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Verdict returned on same day DfT launched "victim blaming" cycle safety campaign...

A lorry driver who failed to indicate or look in his mirrors while turning left has been found guilty of causing the death by careless driving of a cyclist in Nottingham.

The jury returned its verdict on the same day the Department for Transport launched a road safety campaign telling cyclists to “Hang Back” from lorries, leading to accusations of “victim blaming.”

> Cycling campaigners rethink DfT's "victim blaming" Think! video

Louise Wright, aged 29, was killed when she was dragged under the wheels of a Greene King delivery lorry driven by Adam Haywood, aged 31, on Lower Parliament Street on 3 July 2014, reports the Derby Telegraph.

Haywood, who pleaded not guilty, insisted he had checked his mirrors but could not recall having seen the cyclist nor whether he had indicated as he waited for the traffic lights to change, although he told the trial at Derby Crown Court that “there is no reason” he would not have done so.

Speaking about the collision, he said: "When I first turned it didn't feel right and I thought it might have fallen out of gear – I felt a bit of a shunt.

“I checked my gearbox and realised it wasn't that, so I thought I could have clipped the traffic light or the kerb or another car from the back end if it had kicked out.

"I heard some car horns and some shouting so I was looking around in my mirrors and saw her under the back wheels.

“I jumped out of the cab and ran around to the back. I saw her and ran to get the phone and called an ambulance. I didn't know what else to do."

After Haywood was convicted by a majority verdict, Judge Jonathan Bennett handed him an eight-month prison sentence suspended for two years, and banned him from driving for two years.

He also ordered Haywood to pay £1,500 costs and to perform 150 hours of unpaid work.

The judge said: “You are going to live with this for years to come and others will live with it for even longer than that.

"You did not, that day, I accept, expect this to happen, you set off to do a day's work, you were doing what you enjoyed doing, but you were careless that day."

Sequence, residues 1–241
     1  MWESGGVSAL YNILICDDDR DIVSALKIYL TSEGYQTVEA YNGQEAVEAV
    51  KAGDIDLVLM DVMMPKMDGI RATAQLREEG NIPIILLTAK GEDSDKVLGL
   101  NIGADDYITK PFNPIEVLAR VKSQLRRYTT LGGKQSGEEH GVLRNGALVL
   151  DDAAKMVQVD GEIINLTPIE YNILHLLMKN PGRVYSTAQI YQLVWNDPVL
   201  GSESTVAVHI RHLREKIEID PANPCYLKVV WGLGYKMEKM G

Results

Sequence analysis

Following the trial, Miss Wright’s mother, Sharon Brown, said: "I feel that the right verdict has been made, we did not want to see the driver sent to prison. When something as tragic as this happens, there are no winners."

Earlier, in a victim impact statement read out to the court, she described how her daughter had told her she was planning a family, and told the court she is “heartbroken” that will never happen.

Miss Wright’s partner James Faulkner told the court that the couple had been together since they were both aged 14.

"I have lost everything, my life has been completely reset and I have no idea how to start again without Louise,” he said.

"She was unique, she was so very special. She was always there to support me physically and emotionally and now I go home to an empty house every night.

"Most days it is a challenge just to get out of bed," he added.

Born in Scotland, Simon moved to London aged seven and now lives in the Oxfordshire Cotswolds with his miniature schnauzer, Elodie. He fell in love with cycling one Saturday morning in 1994 while living in Italy when Milan-San Remo went past his front door. A daily cycle commuter in London back before riding to work started to boom, he's been news editor at road.cc since 2009. Handily for work, he speaks French and Italian. He doesn't get to ride his Colnago as often as he'd like, and freely admits he's much more adept at cooking than fettling with bikes.